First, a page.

Tim Mattingly and Tom Friedman, the developers of Plus & Minus, started their accounting careers on a crane company audit in 1973.  The company had two domestic subsidiaries and a foreign subsidiary.  The books were kept by hand, written in ink, by a German controller and one assistant.  It was a work of art.  There were journals recording the original source documents, general ledgers with journal postings, and subsidiary ledgers for receivables, payables, and fixed assets.  They created working trial balances, which were the foundation for the final consolidated financial statements.  The crane company books were a real-world application of Luca Pacioli’s double-entry bookkeeping treatise published in 1494.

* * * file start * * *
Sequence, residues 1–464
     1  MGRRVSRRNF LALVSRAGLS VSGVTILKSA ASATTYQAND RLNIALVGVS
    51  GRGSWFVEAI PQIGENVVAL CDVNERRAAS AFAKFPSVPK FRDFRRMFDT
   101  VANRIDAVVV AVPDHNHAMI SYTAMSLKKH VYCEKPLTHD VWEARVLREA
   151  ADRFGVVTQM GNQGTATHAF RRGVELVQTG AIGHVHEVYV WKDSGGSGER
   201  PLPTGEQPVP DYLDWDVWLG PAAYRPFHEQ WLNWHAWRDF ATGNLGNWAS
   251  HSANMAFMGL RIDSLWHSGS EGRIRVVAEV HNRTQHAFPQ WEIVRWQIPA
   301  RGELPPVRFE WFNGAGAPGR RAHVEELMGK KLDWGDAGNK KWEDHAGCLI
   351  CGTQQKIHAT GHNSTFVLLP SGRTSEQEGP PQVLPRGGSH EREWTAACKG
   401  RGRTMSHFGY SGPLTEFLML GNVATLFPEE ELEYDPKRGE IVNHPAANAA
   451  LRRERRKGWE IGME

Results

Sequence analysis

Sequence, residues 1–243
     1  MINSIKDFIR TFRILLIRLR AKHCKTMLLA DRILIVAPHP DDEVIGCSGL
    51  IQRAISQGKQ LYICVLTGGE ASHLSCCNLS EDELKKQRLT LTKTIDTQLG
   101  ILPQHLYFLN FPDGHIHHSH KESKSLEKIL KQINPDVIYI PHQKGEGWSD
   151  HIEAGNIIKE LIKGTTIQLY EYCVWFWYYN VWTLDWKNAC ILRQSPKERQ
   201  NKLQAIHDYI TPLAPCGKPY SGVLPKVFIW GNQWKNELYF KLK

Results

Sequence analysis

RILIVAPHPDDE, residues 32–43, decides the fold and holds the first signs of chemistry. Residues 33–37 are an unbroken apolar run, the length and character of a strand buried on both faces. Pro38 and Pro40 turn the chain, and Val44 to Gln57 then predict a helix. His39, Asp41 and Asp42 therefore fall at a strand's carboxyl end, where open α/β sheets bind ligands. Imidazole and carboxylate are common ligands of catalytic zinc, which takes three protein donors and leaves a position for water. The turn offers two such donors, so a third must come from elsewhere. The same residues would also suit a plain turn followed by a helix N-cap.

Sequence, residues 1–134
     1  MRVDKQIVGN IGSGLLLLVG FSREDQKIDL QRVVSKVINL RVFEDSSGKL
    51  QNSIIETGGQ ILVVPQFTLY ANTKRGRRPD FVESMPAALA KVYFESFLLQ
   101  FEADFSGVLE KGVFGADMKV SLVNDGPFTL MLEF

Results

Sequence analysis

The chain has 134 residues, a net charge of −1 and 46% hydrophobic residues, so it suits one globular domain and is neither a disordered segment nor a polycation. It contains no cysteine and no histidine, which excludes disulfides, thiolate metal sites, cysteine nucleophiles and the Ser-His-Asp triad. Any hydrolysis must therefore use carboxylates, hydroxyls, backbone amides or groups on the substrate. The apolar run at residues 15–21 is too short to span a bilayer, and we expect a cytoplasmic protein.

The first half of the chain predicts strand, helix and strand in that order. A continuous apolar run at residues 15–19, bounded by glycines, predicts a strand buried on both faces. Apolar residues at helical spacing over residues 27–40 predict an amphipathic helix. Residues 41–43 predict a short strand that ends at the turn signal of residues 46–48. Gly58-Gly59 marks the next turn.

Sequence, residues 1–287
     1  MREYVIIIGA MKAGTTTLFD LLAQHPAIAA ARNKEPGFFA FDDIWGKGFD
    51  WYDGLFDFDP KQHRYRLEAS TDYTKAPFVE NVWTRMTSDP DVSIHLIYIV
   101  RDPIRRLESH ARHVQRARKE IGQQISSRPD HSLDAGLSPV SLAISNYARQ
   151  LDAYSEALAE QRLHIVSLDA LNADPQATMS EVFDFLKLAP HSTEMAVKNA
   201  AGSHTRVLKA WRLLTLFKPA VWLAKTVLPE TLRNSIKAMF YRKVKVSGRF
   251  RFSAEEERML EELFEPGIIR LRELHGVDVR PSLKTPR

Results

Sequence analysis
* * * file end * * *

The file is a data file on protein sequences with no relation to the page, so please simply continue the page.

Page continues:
Five years later, Tim and Tom had the opportunity to convert a Honeywell mainframe accounting tape system to disc.  The Honeywell system was transaction based and very rudimentary in reporting.  Honeywell abandoned the project before finishing; however, they could see the possibilities and began to realize that it was possible to perform all functions in one data set.

In 1982, work began on an Apple III.  The developers agreed on a basic format and started writing.  Within a few months, a basic system was running to handle a construction company.  The system could produce aged account payables, write vendor checks, and produce an income statement by job comparing actual results against a budget.  The following year, a mortgage company paid the developers to convert the system to a Microsoft-based operating system.

Over the years, the company grew with more customers, user groups, and support staff.  In 2000, the developers sold the company to an investor group.  The terms of the sale allowed the developers to keep and maintain Plus & Minus for their own use and a select group of companies.  Then in 2010, the developers purchased Plus & Minus back and picked up where they left off.

Today, Plus & Minus is owned by the developers without interference from investors.